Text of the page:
Sen. Lindsey Graham is calling on President Biden to “unleash” the full force of the U.S. military against Mexican drug cartels as patience for carnage just south of the southern border wears thin on Capitol Hill in the wake of the recent kidnapping of four Americans, leaving two dead.
The South Carolina Republican is joining forces with Sen. John Kennedy, Louisiana Republican, in introducing legislation to designate nine Mexican gangs as foreign terrorist organizations and to authorize the use of military force in Mexico to bring the cartels to their knees.
“Drug cartels in Mexico have been terrorizing Americans for decades,” Mr. Graham said Wednesday. “We are going to unleash the fury and might of the United States against these cartels. “We’re going to destroy their business model and their lifestyle because our national security and the security of the United States as a whole depends on us taking decisive action.”
Mr. Graham‘s proposal adds to growing concern in Congress over the Biden administration’s lax security at the southern border, which Republicans say has emboldened the cartels.
The senator’s proposal echoes similar calls in Congress for President Biden to crack down on the powerful gangs.
“The cartels are at war with us — poisoning more than 80,000 Americans with fentanyl every year, creating a crisis at our border and turning Mexico into a failed narco-state,” Rep. Dan Crenshaw, Texas Republican, said in January in a statement accompanying his legislation to create authorization for the use of military force to target Mexican cartels.
SEE ALSO: Two Americans killed in cartel crossfire across Mexican border, raising fresh security fears
He added, “It’s time we directly target them. We cannot allow heavily armed and deadly cartels to destabilize Mexico and import people and drugs into the United States. We must start treating them like ISIS — because that is who they are.”
Mr. Crenshaw was joined by Rep. Mike Waltz, Florida Republican, in introducing the House proposal to authorize such force.
Those calls have grown more urgent after four U.S. citizens were kidnapped at a Mexican border town by a local drug cartel last week.
The four Americans had entered Mexico Friday so one of the group could have cosmetic surgery.
Their minivan was caught in a crossfire from an apparent battle between rival gangs on the streets of Matamoros, Mexico, just across the border from Brownsville, Texas. A 33-year-old Mexican woman was also killed in the clash, U.S. Ambassador to Mexico Ken Salazar said in a statement Monday.
Two of those captured were confirmed dead this week.
“[Two] of the 4 Americans kidnapped by the cartels in Mexico were murdered, and we still haven’t declared the cartels a military target,” Mr. Crenshaw said on Twitter Monday. “It’s time we authorize military force against them.”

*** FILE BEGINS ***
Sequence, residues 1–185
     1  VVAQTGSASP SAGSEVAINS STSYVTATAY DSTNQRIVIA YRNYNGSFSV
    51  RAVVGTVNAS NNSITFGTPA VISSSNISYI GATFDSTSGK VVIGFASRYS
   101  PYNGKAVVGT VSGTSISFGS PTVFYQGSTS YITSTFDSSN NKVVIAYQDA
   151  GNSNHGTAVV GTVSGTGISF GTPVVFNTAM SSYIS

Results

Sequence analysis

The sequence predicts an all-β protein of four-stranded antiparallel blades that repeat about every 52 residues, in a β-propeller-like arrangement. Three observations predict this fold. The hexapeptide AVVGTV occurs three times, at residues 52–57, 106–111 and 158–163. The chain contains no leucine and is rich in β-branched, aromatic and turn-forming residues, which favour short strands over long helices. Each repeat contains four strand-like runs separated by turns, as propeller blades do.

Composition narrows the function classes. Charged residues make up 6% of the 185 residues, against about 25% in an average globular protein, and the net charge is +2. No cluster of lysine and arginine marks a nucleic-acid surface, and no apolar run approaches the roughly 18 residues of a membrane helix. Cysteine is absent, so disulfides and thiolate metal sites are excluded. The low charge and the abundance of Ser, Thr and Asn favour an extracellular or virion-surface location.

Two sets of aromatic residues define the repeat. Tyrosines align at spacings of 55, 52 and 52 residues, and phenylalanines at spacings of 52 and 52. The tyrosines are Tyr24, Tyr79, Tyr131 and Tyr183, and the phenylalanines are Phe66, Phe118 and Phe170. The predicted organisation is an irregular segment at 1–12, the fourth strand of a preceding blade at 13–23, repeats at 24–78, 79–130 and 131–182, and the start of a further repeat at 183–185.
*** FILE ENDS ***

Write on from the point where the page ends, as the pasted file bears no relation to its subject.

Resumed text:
Rep. Troy E. Nehls, Texas Republican, on Tuesday warned that the cartel’s ruthlessness in Mexico would soon seep into the U.S. unless Mr. Biden takes decisive action.
“I recommend we take the fight to the cartel and use extreme prejudice because they are killing Americans,” he told Fox News on Tuesday.
Despite growing pressure from Congress, Mr. Biden is unlikely to deploy the military to Mexico even if authorized to do so by Congress.
National Security Council spokesman John Kirby cautioned on Tuesday that it was “just too soon” to discuss “any policy changes or vectors as a result of” the kidnapping and murders by the drug cartels.
White House press secretary Karine Jean-Pierre on Tuesday said the president takes the rise in violence in Mexico “very seriously” but declined to comment on the “military and how it’s being used.”
“The FBI and other agencies have been on top of this from day one,” she said. “And so that’s what he’s going to continue to do.”
Mr. Graham called on the Biden administration to “up the ante” in bringing the fight to the cartels.
“It’s time now to get serious and use all of the tools in the toolbox,” he said. “Not just in the prosecution lane, not just in the law enforcement lane, but in the military lane as well.”
The Pentagon has raised concerns that any proposal to deploy the military south of the border would be met with staunch opposition from Mexico that would threaten future cooperation on efforts to hold the cartels at bay.
“I do worry, based on signals, very strong signals we’ve gotten from the Mexicans in the past — concerns about their sovereignty, concerns about potential reciprocal steps — that they might take to cut off our access if we were to take some of the steps that are in consideration,” Assistant Secretary of Defense for Homeland Defense and Hemispheric Affairs Melissa G. Dalton told the House Armed Services Committee on Wednesday.
“I think we need to be really clear-eyed about weighing those trade-offs,” she said.
Mexico‘s leftist President Andres Manuel Lopez Obrador has gone on the attack against those pushing for U.S. military intervention in his country.
In a press conference Tuesday, Mr. Lopez Obrador lashed out at Mr. Crenshaw, accusing the congressman of using the kidnapped Americans as political pawns.
“What has this [congressman] done?” the Mexican president said of Mr. Crenshaw. “I don’t know, but some senators even receive money for their campaigns from the arms factories of the United States. Enough of the hypocrisy and of seeing nothing more than the speck in the other’s eye and not the beam in one’s own.”
Mr. Graham was unfazed by the Mexican president’s attacks.
“To the president of Mexico: You have let your country slide into the hands of narco-terrorists,” Mr. Graham said Tuesday. “Your capability or your will doesn’t exist to stop what is, I think, the poisoning of America. You’re leaving us with no other choices.”